“Hey Dave, I’ve got an article idea for you. It’s a bit out of left field.”
That’s how I pitched a recent story to my editor, and it sparked a thought. Where does this saying come from: “Out of left field?” It clearly has ties to baseball, but I wanted to dig deeper and see whether there’s an official origin for the phrase.
Turns out the Chicago Cubs are likely part of the origin story.
In my initial research, I even encountered this Know Your Phrase article, which addresses me by name and claims I should lose weight. Brutal!
The phrase typically comes into play when an idea is surprising or unexpected. Perhaps a breakup “came out of left field.” A shocking development is usually reason enough to deploy the saying.
But where does the phrase itself originate? The jury’s out, but there are possible ties to the Chicago Cubs.
“Out Of Left Field” has hotly-debated origins
Nobody can seem to agree on where this idiom comes from. Perhaps that’s fitting considering it means surprising or unexpected. It’s hard to pin down.
However, there are two primary origin stories.
The first claims that the phrase originated in the music industry. In 1949, historian Arnold Shaw claimed the term became popular in Tin Pan Alley, used to describe an unexpected hit song.
The second origin story has strong ties to the Chicago Cubs. I first heard it anecdotally while chatting with a friend, and I decided to dig deeper.
Boo birds, a mental health facility and the Cubbies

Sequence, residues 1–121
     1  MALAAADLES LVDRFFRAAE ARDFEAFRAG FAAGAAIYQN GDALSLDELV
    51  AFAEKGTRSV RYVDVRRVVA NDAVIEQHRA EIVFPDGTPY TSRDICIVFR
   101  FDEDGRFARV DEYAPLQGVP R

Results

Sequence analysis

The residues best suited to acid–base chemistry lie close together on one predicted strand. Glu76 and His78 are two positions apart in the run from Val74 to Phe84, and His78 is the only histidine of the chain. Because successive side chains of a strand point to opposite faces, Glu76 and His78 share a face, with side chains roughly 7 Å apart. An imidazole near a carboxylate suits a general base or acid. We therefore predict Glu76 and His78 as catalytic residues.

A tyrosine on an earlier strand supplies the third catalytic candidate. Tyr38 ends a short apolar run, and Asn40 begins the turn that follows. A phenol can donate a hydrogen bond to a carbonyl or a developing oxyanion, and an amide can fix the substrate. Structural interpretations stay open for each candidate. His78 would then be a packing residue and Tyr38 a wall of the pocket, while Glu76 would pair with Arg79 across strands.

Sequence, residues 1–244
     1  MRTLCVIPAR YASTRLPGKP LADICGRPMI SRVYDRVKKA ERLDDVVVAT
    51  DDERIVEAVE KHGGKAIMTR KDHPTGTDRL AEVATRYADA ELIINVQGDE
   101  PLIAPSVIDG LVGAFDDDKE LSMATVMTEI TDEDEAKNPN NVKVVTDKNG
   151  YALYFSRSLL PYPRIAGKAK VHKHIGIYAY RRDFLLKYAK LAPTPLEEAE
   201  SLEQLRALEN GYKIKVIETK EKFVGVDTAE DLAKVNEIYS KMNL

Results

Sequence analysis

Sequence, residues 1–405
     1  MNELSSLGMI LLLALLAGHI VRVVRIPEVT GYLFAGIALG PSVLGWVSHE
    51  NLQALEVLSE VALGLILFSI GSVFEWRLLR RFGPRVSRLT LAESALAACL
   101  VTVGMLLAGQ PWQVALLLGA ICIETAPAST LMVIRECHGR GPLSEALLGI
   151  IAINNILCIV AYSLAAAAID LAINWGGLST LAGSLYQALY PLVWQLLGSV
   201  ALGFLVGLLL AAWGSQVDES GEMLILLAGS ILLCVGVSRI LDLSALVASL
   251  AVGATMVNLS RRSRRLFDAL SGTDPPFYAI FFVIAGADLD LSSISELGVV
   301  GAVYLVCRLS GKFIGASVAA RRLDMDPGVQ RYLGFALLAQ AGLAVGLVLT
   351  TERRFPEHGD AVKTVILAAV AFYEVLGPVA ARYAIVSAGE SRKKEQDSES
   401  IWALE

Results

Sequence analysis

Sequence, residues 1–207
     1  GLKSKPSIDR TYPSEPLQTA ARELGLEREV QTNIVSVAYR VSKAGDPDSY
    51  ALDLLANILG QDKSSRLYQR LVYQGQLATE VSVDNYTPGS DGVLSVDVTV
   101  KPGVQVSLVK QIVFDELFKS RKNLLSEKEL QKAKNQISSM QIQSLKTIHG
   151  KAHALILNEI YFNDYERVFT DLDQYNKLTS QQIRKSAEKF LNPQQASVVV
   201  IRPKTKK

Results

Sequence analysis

In short, this friend told me the phrase comes from the old Wrigley Field days. Legend has it a mental health facility was torn down to construct the iconic ballpark, and the left outfield now resides atop the old site.
I later learned from Grammarist that some say the mental facility was supposedly located near the Chicago baseball institution, and patients would “heckle players and spectators from behind left field,” as Grammarist says.
Yet according to Ashley MacLennan of Bleed Cubbie Blue, that story is largely apocryphal. Parts of it ring true, but the narrative has been shaped over the years to become unrecognizable.
First off, the idiom’s “left field” doesn’t reference Wrigley at all. Instead, it points to the West Side Ground, the pre-Wrigley home field of the Chicago Cubs from 1893 to 1915.
Second, accounts conflict with regard to which mental facility existed there — if any at all. Some say it’s the Cook County Hospital while others reference a vaguely-named “Neuropsychiatric Institute.” MacLennan debunks the latter; the Neuropsychiatric Institute is indeed real, but it wasn’t built until 1939.
The Cook County Hospital theory, however, holds water. The original site of the hospital sat just north of the original ballpark during the years when the Cubs played there.
It becomes a stretch from there, though. There were multiple buildings between the park and the hospital, making the “out of left field” origin hard to attribute to Chicago beyond a doubt.
Whether any of the possibilities hold true, the phrase itself remains an excellent descriptor of something unexpected.
Chicago Cubs bets out of left field this season?
The Cubs’ chances of a World Series this year might be just as mythical as the “out of left field” origins. Chicago are hovering around .500 and in third place in the NL Central behind the Brewers and Reds.